- Associated Press - Saturday, January 17, 2015

CHARLESTON, W.Va. (AP) - For the first year of business at Charleston Brewing Co., the growler business was strong.

Hopping, you might say.

Craft beer fans purchased the 64-ounce resealable glass jugs and then brought them back time and again to be refilled with their favorite brew.

“They were selling very well,” head brewer Ryan Heastings said. “It was a very brisk trade.”

But the CBC’s inventory of growlers recently sat stuffed in a storage closet, save for a few placed high above the bar as mantel decor.

Growlers haven’t been sold or refilled at 702 Quarrier St. since early December.

Black Sheep Burrito and Brews took over the restaurant and bar last January. Charleston Brewing then became a one-man show, with Heastings brewing all of the beer in the back.

When that happened, growler sales became illegal at the site.

But no one there knew about the obscure state law that says only brewpubs - establishments that both brew and sell beer on site - may refill growlers to-go for customers. Simple breweries can’t. Neither can restaurants like Black Sheep.

“For the first year of the company, the brewery and restaurant were one entity,” Heastings said. “For the last year, we’ve had two separate businesses, which created the issue with selling (growlers).”

In early December, an anonymous tipster reported the restaurant to the state Alcohol Beverage Control Administration for offering “bottomless mimosas” on the brunch menu. An inspector paid a visit.

The mimosa deal also ran afoul of state law, but no one at the restaurant was aware of that fact, either.

“It’s illegal to have an all-you-can-drink situation,” Heastings said.

While on scene, the inspector noticed the growlers behind the bar. Staffers were told to cease selling and refilling them.

Heastings said it feels terrible to send away customers who want their growler refilled with his product. He hopes state lawmakers fix the issue this session. State Sen. Chris Walters, R-Kanawha, said he is optimistic that will happen.

Walters said there is consensus among members of his party - which took control of the state Legislature in last year’s elections - to make the state’s laws more business-friendly.

He said attorneys still are researching the issue and drafting legislation.

“We’re looking at the law in North Carolina,” Walters said. “They seem to have a very business-friendly law. We’re trying to figure out how they do it.”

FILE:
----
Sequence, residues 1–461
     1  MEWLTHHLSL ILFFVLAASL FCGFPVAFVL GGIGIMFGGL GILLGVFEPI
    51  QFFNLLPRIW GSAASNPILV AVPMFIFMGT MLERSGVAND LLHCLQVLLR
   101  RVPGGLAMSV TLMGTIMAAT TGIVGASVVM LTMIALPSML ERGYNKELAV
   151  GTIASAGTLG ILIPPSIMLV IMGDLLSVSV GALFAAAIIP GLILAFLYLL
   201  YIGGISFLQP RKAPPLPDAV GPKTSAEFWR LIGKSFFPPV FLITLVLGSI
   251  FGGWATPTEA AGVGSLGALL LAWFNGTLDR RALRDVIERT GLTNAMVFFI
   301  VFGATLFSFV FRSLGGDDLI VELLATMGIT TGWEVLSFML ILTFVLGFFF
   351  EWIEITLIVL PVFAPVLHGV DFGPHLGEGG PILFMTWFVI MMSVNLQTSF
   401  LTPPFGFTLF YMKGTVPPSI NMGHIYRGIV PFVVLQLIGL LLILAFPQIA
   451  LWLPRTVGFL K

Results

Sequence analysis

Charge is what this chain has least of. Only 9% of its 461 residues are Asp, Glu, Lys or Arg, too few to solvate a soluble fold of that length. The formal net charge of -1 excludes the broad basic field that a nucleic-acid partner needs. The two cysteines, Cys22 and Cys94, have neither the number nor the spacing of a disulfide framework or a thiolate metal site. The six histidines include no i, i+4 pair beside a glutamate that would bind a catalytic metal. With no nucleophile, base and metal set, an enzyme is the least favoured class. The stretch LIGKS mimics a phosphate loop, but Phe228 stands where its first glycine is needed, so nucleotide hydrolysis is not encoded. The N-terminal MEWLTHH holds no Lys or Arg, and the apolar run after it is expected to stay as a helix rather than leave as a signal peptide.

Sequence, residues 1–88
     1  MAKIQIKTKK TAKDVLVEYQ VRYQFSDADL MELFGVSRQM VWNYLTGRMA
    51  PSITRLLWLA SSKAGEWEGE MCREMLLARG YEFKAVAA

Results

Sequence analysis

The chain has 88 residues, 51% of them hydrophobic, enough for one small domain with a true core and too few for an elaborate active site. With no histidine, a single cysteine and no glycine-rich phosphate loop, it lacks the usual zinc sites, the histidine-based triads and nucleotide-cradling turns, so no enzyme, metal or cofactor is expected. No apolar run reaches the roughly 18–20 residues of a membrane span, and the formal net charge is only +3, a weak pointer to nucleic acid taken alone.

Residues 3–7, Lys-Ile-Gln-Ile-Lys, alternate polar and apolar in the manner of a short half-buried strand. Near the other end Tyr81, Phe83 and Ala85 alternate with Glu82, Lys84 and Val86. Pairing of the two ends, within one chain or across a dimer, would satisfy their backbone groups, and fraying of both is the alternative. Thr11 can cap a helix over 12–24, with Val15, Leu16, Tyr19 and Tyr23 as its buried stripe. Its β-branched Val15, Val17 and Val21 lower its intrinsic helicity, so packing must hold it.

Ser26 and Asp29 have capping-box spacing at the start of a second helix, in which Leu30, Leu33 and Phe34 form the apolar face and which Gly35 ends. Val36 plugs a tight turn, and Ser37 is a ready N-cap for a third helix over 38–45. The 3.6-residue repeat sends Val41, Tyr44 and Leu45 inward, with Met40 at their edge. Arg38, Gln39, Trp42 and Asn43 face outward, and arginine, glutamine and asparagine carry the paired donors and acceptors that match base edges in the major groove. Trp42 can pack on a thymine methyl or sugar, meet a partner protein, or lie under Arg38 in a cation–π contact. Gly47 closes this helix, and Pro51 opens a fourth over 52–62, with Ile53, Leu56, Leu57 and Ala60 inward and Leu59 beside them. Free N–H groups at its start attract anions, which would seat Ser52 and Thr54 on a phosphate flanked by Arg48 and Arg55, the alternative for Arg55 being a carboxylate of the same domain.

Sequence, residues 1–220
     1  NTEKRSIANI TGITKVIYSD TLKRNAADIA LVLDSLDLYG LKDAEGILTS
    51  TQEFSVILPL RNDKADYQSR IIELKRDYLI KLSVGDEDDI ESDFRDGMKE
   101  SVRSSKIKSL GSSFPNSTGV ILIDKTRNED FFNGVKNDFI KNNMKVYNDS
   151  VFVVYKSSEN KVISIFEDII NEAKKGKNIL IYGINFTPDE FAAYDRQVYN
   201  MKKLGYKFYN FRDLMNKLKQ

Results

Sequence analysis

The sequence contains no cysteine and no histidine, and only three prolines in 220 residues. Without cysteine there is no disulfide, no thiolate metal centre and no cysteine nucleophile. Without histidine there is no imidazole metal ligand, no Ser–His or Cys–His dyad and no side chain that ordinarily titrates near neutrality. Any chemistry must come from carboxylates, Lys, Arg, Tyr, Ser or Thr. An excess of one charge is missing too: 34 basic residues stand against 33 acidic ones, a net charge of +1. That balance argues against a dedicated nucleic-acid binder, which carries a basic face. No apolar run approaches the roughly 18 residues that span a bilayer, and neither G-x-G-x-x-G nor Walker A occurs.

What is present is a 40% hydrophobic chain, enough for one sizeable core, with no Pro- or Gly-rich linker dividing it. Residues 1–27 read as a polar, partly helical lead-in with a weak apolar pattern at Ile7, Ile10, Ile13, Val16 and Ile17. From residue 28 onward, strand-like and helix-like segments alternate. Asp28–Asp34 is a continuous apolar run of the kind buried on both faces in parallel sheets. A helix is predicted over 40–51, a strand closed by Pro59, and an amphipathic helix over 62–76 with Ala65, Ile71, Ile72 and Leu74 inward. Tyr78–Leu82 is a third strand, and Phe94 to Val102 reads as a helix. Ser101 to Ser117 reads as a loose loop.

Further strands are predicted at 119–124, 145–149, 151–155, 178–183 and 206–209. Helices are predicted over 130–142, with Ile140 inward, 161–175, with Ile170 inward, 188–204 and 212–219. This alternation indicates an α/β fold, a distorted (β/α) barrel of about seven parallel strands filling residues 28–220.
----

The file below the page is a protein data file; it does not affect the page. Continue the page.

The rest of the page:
North Carolina passed a law in 2013 expanding growler sales. Now, beer enthusiasts can fill up anywhere from a brewery to a gas station, provided the station has a license to pour.

Walters said he also wants the legislation to address proper sanitation methods for growlers, and stipulate they must be sealed before they are transported home, among other things.

“We need to have things in place so you don’t have an open container,” he said.

He knows some of the more socially conservative members of his party could take issue with expanding alcohol sales. He said they are entitled to their opinion.

“I’m optimistic,” he said, adding that lawmakers passed a bill in the 2014 session expanding the types of alcohol that can be sold in sidewalk dining areas. Prior to last year, that only included beer. Now it includes wine and liquor as well.

“That passed with no issues whatsoever,” Walters said. “I know the makeup has changed since then, but many of those people who supported that measure are still there.”

Brian Arnett of the West Virginia Brewer’s Association said beer makers support the change.

He said this is the first time he can recall state lawmakers welcoming input from brewers on new legislation.

At one point, there was discussion of expanding growler sales to breweries only. Heastings hopes lawmakers take it further.

“That won’t help us,” he said. “The brewery is small, there is no point of sale system, I am the only employee. I don’t have time to be filling growlers for customers.”

Charleston Brewing owner Ann Saville said lawmakers would be wise to act this session. Doing so helps promote a burgeoning industry in West Virginia.

“The whole point is to spread more interest about craft beer, which is still new in this state,” she said.


Information from: Charleston Daily Mail, http://www.charlestondailymail.com



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